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Pipeline report: White Sox camp

MLB.com @JonathanMayo

Every Spring Training, prospects get a chance to show what they can do as they prepare for the upcoming season. Some compete for jobs in big league camp, while others vie for spots on Minor League affiliates. MLB Pipeline will visit all 30 camps this spring, and today we check in on the White Sox.

GLENDALE, Ariz. -- Every season, there are teams who are in rebuilding mode who end up competing somewhat ahead of schedule. Just look at the 2017 American League Wild Card Game for prime examples. Yes, the Yankees have deep pockets, but their youth movement pushed them to the postseason earlier than expected, and the Twins surprised everyone by getting there.

Every Spring Training, prospects get a chance to show what they can do as they prepare for the upcoming season. Some compete for jobs in big league camp, while others vie for spots on Minor League affiliates. MLB Pipeline will visit all 30 camps this spring, and today we check in on the White Sox.

GLENDALE, Ariz. -- Every season, there are teams who are in rebuilding mode who end up competing somewhat ahead of schedule. Just look at the 2017 American League Wild Card Game for prime examples. Yes, the Yankees have deep pockets, but their youth movement pushed them to the postseason earlier than expected, and the Twins surprised everyone by getting there.

White Sox Top 30 Prospects list | Blake Rutherford Q&A

:: MLB Pipeline Spring Training reports ::

Could the White Sox be the young, surprising upstarts of the 2018 season? With a group of young players getting to the big leagues last year ready to take the next step and more waves of talent coming, it's easy to predict improvement in the standings this season, even if a playoff run might still sound a little far off right now.

"We're dealing with young players who, when they come together, can accomplish great things," White Sox farm director Chris Getz said. "There's always these unexpected teams. We have to go out there and focus on winning game 1, then game 2, then game 3. Sometimes you look up and -- wow, we're right in the mix here. That's how those types of things happen. I don't see why something like that can't happen here. Does it happen this year or next year? Who knows? But we have guys who are prepared to go out there and win ballgames."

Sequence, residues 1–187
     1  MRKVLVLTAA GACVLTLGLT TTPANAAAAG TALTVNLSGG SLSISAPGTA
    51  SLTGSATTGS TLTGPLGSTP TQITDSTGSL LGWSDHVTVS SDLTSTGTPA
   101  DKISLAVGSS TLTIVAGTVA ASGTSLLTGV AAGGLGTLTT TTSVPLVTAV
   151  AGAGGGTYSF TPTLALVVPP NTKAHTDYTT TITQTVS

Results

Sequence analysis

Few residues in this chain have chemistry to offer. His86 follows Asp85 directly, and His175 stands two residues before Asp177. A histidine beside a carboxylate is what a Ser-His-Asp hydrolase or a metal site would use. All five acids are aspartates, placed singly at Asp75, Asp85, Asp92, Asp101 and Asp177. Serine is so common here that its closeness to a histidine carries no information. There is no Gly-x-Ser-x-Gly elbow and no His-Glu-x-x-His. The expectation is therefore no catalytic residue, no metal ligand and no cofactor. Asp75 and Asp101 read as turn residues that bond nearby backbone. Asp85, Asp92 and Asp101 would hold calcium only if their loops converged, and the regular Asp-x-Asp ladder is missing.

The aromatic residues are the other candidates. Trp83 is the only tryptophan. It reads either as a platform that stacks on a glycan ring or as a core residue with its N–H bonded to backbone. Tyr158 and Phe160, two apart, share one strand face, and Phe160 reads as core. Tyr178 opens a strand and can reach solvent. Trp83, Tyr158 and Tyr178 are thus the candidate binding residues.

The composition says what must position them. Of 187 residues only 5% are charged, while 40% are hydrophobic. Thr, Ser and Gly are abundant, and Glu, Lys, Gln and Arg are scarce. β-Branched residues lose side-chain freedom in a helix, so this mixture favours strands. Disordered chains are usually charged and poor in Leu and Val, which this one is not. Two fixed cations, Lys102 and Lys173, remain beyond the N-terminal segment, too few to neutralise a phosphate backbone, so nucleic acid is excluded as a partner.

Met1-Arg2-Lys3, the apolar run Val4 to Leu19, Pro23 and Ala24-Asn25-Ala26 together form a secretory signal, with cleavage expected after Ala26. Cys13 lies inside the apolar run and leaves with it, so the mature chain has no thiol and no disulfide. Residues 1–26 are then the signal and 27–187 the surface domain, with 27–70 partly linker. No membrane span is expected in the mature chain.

What the White Sox aren't going to do is stray from the path that they set out on when they hit the rebuild switch. Even with some top prospects graduating last year, they still have the No. 3 farm system in all of baseball. It's top-heavy with a tremendous 1-2 punch of Eloy Jimenez and Michael Kopech, the only duo from one organization in the top 10. Looking at the potential for long-term success, there won't be much deviation from the plan as the organization prepares for 2018 this spring.

"As an organization, and [general manager] Rick Hahn has been very vocal about what our plan is, he's been very good at communicating our vision, I think our fan base and people in general have an understanding of where we're at and where we're trying to be at a certain time," Getz said. "That being said, there's still a lot of work to be done. I think we're comfortable with where things are now, but I think we need to continue to push."

The pushing does get easier when everyone sees young players make it up to the big leagues. The 2017 season might have been a 95-loss one in Chicago, but there were some serious gains made as highly-ranked prospects like Yoan Moncada, Lucas Giolito and Reynaldo Lopez all spent enough time up in the big leagues to come off prospects lists and be counted on to make bigger contributions in 2018.

"From a player development standpoint, when you see your own guys graduating and taking that step forward and they're on the Major League club -- last year, they were playing with them in Double- or Triple-A and now they're donning Chicago White Sox uniforms, it's definitely motivating," Getz said.